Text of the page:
Embodied relations are encoded in language

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Studies of embodied cognition have shown that comprehenders process iconic word pairs (attic-basement) more quickly than reverse-iconic pairs (basement-attic) when the pairs are presented to them in a vertical spatial arrangement. This effect disappears in a horizontal spatial arrangement. This has been claimed to show that comprehenders perceptually simulate these word pairs. A complementary explanation is that linguistic conceptualizations (word order) reflect prelinguistic conceptualizations (spatial iconicity), whereby comprehenders use these linguistic conceptualizations in the comprehension process. The results of corpus linguistic, rating, and semantic judgment studies reported here supported this explanation: Iconic word pairs were more frequent than reverse-iconic word pairs; frequency of word order explained response times in a semantic judgment task better than iconicity did; and when iconic word pairs were presented in a horizontal arrangement, the iconicity effect disappeared, but the word order effect remained. These findings show that spatial iconicity patterns are reflected in word order patterns and that comprehenders are sensitive to these word order patterns in language-processing tasks.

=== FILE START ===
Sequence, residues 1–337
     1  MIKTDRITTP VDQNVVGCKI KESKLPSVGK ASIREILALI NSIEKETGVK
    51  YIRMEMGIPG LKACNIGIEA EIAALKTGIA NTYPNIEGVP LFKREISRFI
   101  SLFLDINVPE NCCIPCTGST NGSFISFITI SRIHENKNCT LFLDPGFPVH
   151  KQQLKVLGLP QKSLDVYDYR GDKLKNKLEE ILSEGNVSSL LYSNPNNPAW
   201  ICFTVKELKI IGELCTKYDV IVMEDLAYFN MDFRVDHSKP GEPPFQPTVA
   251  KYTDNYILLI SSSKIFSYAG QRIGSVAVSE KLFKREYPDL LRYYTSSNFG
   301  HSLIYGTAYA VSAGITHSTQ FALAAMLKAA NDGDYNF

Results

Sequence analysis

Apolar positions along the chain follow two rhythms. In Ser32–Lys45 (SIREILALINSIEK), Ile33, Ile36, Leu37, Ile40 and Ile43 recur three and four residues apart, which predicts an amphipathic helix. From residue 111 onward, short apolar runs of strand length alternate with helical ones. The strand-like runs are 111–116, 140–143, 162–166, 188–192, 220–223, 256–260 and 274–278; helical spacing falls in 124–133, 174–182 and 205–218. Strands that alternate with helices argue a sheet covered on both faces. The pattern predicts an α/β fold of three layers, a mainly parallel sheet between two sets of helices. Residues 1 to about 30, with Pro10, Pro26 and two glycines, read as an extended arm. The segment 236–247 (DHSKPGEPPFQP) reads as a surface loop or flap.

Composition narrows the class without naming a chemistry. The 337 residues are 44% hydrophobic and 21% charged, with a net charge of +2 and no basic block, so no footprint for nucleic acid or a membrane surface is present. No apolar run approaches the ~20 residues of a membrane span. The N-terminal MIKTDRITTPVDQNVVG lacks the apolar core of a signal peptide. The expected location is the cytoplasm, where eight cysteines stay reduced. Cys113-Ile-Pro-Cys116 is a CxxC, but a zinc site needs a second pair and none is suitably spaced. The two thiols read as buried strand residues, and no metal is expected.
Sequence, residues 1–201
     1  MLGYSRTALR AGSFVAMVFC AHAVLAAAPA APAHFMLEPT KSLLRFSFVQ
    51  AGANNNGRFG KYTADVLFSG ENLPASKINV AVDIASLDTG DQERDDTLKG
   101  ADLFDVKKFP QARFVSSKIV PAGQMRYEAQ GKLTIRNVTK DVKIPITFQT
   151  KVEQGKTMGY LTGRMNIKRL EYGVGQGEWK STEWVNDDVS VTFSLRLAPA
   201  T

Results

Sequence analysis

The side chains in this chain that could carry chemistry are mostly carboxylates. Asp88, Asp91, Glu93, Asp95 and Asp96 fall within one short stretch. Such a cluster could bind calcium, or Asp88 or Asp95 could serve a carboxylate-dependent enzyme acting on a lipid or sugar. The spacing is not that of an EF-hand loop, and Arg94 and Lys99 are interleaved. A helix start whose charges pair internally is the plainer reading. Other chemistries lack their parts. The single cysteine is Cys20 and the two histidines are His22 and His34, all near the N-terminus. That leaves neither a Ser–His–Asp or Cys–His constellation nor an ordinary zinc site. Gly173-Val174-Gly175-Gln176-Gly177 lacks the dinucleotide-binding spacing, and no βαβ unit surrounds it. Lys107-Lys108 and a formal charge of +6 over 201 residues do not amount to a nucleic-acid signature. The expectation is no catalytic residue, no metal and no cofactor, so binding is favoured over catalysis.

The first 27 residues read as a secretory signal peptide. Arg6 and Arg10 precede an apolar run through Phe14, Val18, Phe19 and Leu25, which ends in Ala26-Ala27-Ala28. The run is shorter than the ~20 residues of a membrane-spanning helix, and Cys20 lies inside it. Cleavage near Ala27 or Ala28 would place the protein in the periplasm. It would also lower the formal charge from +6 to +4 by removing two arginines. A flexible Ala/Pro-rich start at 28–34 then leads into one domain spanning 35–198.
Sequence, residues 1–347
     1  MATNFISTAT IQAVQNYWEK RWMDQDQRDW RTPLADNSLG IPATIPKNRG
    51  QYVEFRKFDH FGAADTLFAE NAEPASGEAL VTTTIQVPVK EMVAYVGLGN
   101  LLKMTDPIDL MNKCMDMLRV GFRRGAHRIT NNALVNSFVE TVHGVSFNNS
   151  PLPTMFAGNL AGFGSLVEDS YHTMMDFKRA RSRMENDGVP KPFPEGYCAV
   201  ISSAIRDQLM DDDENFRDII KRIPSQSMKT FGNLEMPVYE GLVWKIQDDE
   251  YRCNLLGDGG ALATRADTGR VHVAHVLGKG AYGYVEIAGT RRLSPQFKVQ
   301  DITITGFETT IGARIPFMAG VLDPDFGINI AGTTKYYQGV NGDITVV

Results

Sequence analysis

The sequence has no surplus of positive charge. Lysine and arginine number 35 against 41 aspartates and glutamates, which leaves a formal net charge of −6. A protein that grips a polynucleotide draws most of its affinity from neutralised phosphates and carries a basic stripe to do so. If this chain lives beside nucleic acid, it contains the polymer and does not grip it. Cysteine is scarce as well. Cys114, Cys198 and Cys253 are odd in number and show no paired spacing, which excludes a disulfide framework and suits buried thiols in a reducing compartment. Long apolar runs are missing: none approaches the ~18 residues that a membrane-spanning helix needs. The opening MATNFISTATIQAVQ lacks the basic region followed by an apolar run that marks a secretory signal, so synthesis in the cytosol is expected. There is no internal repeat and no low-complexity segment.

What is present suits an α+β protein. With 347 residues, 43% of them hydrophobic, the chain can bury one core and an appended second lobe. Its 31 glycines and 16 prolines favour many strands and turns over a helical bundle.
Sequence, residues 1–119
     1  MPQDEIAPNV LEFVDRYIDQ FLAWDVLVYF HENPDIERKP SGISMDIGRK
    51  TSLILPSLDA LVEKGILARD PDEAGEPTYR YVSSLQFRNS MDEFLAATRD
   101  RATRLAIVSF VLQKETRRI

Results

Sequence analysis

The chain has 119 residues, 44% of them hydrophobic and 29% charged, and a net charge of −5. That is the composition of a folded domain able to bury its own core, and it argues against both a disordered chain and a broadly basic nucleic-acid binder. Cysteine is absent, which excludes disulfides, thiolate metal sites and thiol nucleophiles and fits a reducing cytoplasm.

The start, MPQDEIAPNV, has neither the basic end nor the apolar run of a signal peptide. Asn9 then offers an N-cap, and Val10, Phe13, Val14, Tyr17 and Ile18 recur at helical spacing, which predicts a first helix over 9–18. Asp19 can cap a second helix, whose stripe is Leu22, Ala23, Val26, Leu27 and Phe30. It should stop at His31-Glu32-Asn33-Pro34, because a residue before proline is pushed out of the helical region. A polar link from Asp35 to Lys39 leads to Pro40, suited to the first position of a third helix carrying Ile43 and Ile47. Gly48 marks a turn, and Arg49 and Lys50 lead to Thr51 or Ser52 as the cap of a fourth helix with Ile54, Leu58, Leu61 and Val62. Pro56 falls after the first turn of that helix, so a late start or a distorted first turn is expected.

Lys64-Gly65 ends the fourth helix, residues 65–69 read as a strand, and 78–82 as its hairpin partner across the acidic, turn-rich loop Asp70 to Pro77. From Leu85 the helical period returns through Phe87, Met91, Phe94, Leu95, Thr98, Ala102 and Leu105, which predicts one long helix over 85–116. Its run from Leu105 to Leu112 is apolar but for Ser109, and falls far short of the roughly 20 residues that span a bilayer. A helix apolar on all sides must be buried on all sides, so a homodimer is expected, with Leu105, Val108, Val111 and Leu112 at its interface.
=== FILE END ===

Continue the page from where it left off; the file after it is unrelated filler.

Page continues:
Original languageEnglish
Pages (from-to)838-844
Number of pages7
JournalPsychonomic Bulletin & Review
Issue number4
Publication statusPublished - Aug 2008
Externally publishedYes


  • Comprehension
  • Humans
  • Judgment
  • Mental Recall
  • Orientation
  • Paired-Associate Learning
  • Reaction Time
  • Semantics
  • Set (Psychology)

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